There is only one place in the world where you can see the stars on the Walk of Fame. That place is Hollywood, attracting over ten million tourists a year. The heart of the Walk of Fame is an area known as Hollywood and Highland. On its own there is much to sight-see at this famous intersection, which is easily accessible by Los Angeles’ metro red line subway.
What may not be common knowledge is that there are many interesting sightseeing opportunities in a one mile radius of Hollywood and Highland. This adjacent sights series is about sharing some of those sights with you. So…if you are willing, put on your walking shoes and travel along with your Los Angeles (LA) sightseeing examiner on a Hollywood street hike adventure.
Our fifth point of interest on this northeast of Hollywood/Highland loop of sights for this series: the Hollywood Bowl.
The entire venue known as the Hollywood bowl currently encompasses 88 acres of land (a football field is 300 feet by 160 feet, which is equivalent to 1.1. acres). This iconic site includes among other things, the Hollywood bowl amphitheater and seating area, the Hollywood bowl muse and the Hollywood bowl museum. This second article in our three-article bowl series focuses on the amphitheater and seating area.
“Although people often think the name Hollywood Bowl refers to the dome-shaped band shell on the stage, it is actually a reference to the natural bowl-shape area surrounded by the Hollywood Hills formerly known as the Daisy Dell.
The 59 acre Bolton Canyon site was originally purchased in 1919 by the Theatre Arts Alliance Inc. for $47,500 to build a community park and art center. They originally called it ‘The Park’.”
The above two paragraphs are quoted from the Water and Power Associates early views of the Hollywood bowl page. This page includes many fabulous old photos and commentary sharing the rich history that is the Hollywood bowl. If you are interested in reading more about this, please click here.
Here’s a fun fact: using a Consumer Price Index (CPI) Inflation Calculator from the internet, what was $47,500 in 1919 has the same buying power as $629,042.77 in 2012. Of course, buying the original 59 acres or the current 88 acres today would probably cost more than 629 thousand dollars.
Of the many fun facts your SoCal gal found out about the bowl, she includes three that fascinated her here (not in any particular order):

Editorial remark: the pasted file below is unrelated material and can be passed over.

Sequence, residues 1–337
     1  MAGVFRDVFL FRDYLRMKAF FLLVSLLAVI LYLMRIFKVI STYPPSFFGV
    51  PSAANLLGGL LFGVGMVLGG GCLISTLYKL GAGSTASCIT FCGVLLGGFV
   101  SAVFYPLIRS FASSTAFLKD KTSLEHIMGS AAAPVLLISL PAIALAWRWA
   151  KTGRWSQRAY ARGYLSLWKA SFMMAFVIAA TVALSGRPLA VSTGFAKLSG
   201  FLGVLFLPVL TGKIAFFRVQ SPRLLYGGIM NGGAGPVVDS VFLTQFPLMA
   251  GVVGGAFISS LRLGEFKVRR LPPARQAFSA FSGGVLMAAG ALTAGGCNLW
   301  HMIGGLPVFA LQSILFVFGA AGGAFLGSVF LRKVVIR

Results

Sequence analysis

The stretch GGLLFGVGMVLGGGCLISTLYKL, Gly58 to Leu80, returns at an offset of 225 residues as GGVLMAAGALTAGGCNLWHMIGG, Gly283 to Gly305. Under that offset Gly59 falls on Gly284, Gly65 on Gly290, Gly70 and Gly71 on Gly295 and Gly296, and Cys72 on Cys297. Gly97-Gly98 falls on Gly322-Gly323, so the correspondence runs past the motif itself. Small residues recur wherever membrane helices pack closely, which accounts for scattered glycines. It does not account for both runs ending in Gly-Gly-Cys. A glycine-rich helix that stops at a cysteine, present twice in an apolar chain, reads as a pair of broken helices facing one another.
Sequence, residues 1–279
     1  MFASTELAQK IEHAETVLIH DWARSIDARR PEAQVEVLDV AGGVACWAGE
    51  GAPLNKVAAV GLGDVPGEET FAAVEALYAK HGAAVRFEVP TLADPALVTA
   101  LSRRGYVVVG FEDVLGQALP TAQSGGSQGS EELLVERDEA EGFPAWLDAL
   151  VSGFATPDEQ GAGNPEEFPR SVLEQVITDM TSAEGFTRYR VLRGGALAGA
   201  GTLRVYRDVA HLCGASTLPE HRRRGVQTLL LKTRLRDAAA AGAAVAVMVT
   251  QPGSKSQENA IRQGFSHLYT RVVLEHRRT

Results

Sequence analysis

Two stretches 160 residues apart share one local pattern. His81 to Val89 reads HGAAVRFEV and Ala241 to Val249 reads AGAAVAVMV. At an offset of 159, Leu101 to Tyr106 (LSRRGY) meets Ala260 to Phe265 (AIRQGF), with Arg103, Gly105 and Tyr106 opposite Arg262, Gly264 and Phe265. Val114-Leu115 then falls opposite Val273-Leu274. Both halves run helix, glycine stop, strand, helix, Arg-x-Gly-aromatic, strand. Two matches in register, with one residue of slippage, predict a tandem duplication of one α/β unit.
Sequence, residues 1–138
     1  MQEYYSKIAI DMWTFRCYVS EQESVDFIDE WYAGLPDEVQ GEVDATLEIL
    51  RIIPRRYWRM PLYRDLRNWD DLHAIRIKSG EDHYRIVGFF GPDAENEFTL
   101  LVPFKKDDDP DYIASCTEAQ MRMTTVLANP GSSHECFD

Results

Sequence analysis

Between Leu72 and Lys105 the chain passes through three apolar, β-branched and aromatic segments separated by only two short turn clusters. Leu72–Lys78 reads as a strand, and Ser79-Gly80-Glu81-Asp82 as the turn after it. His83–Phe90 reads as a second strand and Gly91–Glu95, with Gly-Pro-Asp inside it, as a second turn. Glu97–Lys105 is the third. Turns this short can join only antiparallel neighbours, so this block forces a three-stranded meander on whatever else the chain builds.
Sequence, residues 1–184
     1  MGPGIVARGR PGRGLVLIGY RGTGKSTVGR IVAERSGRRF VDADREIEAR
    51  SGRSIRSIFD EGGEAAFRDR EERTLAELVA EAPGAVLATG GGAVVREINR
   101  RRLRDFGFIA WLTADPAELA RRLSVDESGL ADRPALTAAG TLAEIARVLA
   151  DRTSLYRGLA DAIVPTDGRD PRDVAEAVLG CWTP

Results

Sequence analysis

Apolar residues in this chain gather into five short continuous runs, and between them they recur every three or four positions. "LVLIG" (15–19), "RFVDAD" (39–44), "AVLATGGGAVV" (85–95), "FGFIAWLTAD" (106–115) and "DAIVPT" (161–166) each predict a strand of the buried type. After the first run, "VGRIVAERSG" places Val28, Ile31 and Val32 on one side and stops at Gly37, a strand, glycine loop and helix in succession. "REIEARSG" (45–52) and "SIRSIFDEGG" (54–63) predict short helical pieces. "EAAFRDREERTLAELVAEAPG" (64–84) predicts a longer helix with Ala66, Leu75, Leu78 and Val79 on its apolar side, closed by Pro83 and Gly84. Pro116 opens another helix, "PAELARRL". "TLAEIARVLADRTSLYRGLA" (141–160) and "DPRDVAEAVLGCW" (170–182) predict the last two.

1. Assumed the bowl started/opened the same time as the original amphitheater shell was designed and completed by Lloyd Wright, son of Frank Lloyd Wright, in 1927. The initial shell was in place only one season before being torn down. The shell has been torn down, tweaked and replaced on numerous times since 1927. The most recent remodel finished in time for the June 25 opening of the bowl’s 2004 season and was about bringing the bowl more up to speed with the digital age.
2. Amazed to find that in 1953 a reflecting pool was installed near the stage along with a fountain, lights and other effects to produce water shows. Due to the impact this had on the bowl’s acoustics, the pool was eventually drained and eliminated in 1972. This area was replaced with seating which is to this day referred to as the pool circle seats.
3. Advised you can see the Hollywood sign from the bowl seats while having never noticed this before on previous trips to the bowl, your SoCal gal felt compelled to prove this for herself. Yes, it’s true. To access the view and/or photo this, you need to climb to Promenade 4 between section T1 and section S (see this article’s photo).
In case you didn’t know, one of the fun things about the Hollywood bowl venue is that you are still allowed to enhance your concert going experience by bringing a picnic with you and/or adult beverages (assuming you are of age).
One of the original intentions of the bowl was to create a place where the growing population of the LA area (in 1920 reached over half a million putting LA in the top ten for the first time of the most populated cities) could enjoy a fresh-air, picnic-style outdoor concert. At that time indoor concerts in this area of the country were just too hot to enjoy for the majority of the summer season.
For the purposes of the street hike, this area of the bowl is accessible during bowl hours when there are no rehearsals or performances happening on the stage. Hopefully if you do this street hike, this area of the bowl will be available for your enjoyment. Or for proving to yourself the Hollywood sign is visible from the bowl.
Next up: Hollywood bowl muse